I hardly even know what to say about the petition to deport Piers Morgan, now at over 80,000 signatures. I mean, yes, it is a little bit funny to picture the President explaining why we're not going to deport Piers Morgan: you can imagine the scene appearing in a dark comedy. But then it stops being funny because America is not supposed to be dark comedy; it's our actual country. Eugene Volokh has discussed the legal aspects, which is interesting, but hardly necessary, because c'mon, folks, this is America. We're the country that put freedom of speech number one in our bill of rights. We, every one of us, should be better than this.
I know that it is a tiny number of people who have signed the thing, compared to the actual population of the United States, but it's a little distressing that even a tiny number of Americans don't know that in this country, we don't use the law to punish people for speaking their minds.
I once had some very nice young members of the Chinese Communist Party earnestly explain, in tones that indicated they expected to clear up some puzzling misunderstanding, that Nobel-prizewinner Liu Xiaobo was quite properly being incarcerated by his government. "He broke the law" one of them said, rather passionately. "Any country would put him in jail for that."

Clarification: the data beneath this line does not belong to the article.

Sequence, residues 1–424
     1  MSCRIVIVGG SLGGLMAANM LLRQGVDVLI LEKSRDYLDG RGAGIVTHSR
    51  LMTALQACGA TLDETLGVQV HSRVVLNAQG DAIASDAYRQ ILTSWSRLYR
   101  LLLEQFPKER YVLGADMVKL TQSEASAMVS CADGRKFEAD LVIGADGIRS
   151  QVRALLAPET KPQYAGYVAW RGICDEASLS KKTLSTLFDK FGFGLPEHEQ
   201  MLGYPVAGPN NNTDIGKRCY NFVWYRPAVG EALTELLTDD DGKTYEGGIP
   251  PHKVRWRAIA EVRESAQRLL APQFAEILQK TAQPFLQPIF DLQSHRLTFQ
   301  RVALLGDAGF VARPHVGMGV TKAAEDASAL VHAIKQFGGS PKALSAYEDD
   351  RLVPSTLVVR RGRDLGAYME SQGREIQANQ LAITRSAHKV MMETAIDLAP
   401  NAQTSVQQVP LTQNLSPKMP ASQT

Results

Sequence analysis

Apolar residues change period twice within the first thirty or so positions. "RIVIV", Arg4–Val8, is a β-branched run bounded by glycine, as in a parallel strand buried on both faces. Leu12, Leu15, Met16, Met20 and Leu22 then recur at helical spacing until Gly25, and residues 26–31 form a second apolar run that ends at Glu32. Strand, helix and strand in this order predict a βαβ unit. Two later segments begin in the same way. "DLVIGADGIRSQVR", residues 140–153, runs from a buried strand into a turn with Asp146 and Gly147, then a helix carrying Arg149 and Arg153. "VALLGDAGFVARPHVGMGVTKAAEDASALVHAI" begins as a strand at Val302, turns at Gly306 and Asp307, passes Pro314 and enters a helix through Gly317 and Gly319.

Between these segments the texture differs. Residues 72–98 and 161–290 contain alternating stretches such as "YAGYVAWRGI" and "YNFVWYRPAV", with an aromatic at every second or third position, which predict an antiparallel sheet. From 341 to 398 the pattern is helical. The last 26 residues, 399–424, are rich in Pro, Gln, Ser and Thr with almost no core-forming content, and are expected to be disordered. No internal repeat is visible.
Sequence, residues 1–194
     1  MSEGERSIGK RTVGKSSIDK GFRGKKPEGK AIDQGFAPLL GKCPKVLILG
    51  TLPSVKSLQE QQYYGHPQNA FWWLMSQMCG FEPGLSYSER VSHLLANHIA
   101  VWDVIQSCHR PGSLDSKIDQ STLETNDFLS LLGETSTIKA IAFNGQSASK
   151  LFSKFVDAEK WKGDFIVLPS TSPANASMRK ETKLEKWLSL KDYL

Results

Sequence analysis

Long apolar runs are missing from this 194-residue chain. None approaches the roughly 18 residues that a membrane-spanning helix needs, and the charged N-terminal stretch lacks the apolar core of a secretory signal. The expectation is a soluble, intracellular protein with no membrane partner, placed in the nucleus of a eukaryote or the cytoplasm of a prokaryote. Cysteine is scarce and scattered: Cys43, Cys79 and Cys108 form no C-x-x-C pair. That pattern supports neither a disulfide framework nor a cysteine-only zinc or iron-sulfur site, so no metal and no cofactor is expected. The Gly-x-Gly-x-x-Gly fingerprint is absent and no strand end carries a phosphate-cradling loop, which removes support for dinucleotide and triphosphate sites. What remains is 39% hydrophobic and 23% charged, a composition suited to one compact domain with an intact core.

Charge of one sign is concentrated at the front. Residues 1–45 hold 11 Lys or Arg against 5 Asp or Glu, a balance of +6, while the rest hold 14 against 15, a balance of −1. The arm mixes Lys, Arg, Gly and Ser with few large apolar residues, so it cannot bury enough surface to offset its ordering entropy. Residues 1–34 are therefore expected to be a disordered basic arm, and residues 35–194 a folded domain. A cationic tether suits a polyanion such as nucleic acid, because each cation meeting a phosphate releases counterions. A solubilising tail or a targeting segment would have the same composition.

"The law", in this case, was of course a proscription on criticizing the constitution, and its enshrinement of one-party rule by the Communists. One is tempted to suggest that the signers of the petition "self deport" to China, where they might feel a bit more in tune with the general approach to civil liberties. Though I am afraid they do have rather strict gun control.
I expect that this may be the beginning of the end of these White House petitions, or at least, the pledge to respond to any that get over 25,000 signatures. They're far to vulnerable to just this form of idiocy, and the success and fame of this petition is only going to encourage more of it. Unless we want to pay some White House staffer to spend precious tax dollars, and precious minutes of their life, considering whether President Obama should go on Dancing with the Stars, or the Real Housewives of Orange County should be made illegal, it might be better to end this particular experiment with public democracy.
Obviously, Piers Morgan is not actually going to be deported for stating the consensus view of all the British people I've ever known. So there's a limit to how outraged I'm going to get about all of this. But I wish it hadn't happened, just the same.